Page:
• The ability to provide other administrative services. In addition to claims, the employer must determine whether the other administrative services normally included in an insured arrangement can be provided in a cost-effective manner. These services are associated with plan design, actuarial calculations, statistical reports, communication with employees, compliance with government regulations, and the preparation of government reports. Many of these costs are relatively fixed, regardless of the size of the employer, and unless the employer can spread these costs out over a large number of employees, self-administration will not be economically feasible. As with claims administration, an employer can purchase needed services from other sources.

  • The ability to obtain discounts from medical care providers if medical expense benefits are self-funded. In order to obtain much of the cost savings associated with managed care plans, the employer must be able to secure discounts from the providers of medical care. Large employers whose employees live in a relatively concentrated geographic region may be able to enter into contracts with local providers. Other employers may use the services of third-party administrators who have either established or entered into contracts with preferred-provider networks.

The extent of total self-funding and self-administration differs significantly among the different types of group benefit plans. Plans that provide life insurance or accidental death and dismemberment benefits do not usually lend themselves to self-funding because of infrequent and large claims that are difficult to predict. Only very large employers can expect stable and predictable claims on an annual basis. In addition, federal income tax laws impede the use of self-funding for death benefits, because any payments to beneficiaries are considered taxable income for beneficiaries. Such a limitation does not exist if the plan is insured.

The most widespread use of self-funding and self-administration occurs in short-term disability income plans, particularly those in which the maximum duration of benefits is limited to six months or less. For employers of most any size, the number and average length of short-term absences from work are relatively predictable. In addition, the payment of claims is relatively simple, because benefits can be (and usually are) made through the usual payroll system of the employer.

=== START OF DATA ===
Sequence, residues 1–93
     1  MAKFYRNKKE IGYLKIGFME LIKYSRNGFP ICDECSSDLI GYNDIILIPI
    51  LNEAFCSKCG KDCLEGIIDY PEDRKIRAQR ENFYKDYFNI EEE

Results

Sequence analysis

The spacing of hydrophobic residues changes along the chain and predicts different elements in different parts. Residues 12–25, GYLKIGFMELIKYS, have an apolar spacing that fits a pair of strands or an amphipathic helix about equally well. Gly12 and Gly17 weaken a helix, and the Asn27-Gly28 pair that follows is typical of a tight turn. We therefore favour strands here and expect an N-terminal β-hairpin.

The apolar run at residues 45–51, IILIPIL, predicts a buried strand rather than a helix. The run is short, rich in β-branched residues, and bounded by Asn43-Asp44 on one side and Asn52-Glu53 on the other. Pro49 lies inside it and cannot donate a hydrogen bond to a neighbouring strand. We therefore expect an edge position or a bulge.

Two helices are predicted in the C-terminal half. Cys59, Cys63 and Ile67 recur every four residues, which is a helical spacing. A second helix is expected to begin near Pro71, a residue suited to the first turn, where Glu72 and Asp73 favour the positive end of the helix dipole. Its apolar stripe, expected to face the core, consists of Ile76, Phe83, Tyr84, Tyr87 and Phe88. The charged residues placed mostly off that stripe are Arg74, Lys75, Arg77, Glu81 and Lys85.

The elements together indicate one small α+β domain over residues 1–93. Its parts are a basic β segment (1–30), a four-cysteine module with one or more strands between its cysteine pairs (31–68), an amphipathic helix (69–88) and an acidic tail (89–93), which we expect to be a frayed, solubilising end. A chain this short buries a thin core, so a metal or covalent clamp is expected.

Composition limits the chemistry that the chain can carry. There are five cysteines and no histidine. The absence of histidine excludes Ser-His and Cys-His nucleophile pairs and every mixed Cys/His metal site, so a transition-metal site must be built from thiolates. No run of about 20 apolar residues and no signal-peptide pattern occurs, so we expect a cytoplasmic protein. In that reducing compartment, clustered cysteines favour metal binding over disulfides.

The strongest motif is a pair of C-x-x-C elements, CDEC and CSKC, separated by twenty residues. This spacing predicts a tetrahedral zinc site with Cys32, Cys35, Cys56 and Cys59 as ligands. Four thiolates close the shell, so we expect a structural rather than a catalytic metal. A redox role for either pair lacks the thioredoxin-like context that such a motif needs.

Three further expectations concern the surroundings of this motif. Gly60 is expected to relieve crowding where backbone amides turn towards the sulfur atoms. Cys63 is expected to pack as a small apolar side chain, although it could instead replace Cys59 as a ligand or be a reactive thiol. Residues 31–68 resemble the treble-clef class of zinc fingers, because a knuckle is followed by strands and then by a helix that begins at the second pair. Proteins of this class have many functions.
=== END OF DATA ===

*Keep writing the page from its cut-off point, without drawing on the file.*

Long-term disability income benefits are occasionally self-funded by large employers. Like death claims, long-term disability income claims are difficult to predict for small employers because of their infrequent occurrence and potentially large size. In addition, because small employers receive only a few claims of this type, self-administration of such claims is economically unjustifiable.

The larger the employer, the more likely that its medical expense plan is self-funded. The major problem with a self-funded medical expense plan is not the prediction of claims frequency but rather the prediction of the average severity of claims. Although infrequent, claims of $500,000 to $1,000,000 or more do occasionally occur. Most small and medium-sized employers are unwilling to take a chance that they might have to pay such a large claim. Only employers with several thousand employees are large enough to assume the risk that such claims will regularly occur and have the resources that will be necessary to pay any unexpectedly large claims. This does not mean that smaller employers cannot self-fund medical benefits. To avoid the uncertainty of catastrophic claims, these employers often self-fund basic medical expense benefits and insure major medical expense benefits or self-fund their entire coverage but purchase stop-loss protection.

It is not unusual to use self-funding and self-administration in other types of benefit plans, such as those providing coverage for dental care, vision care, prescription drugs, or legal expenses. Initially, it may be difficult to predict the extent to which these plans will be utilized. However, once the plans have "matured," the number and dollar amount of claims tends to be fairly stable. Furthermore, these plans are commonly subject to maximums so that the employer has little or no risk of catastrophic claims. Although larger employers may be able to economically administer the plans themselves, smaller employers commonly purchase administrative services.


Related Posts with Thumbnails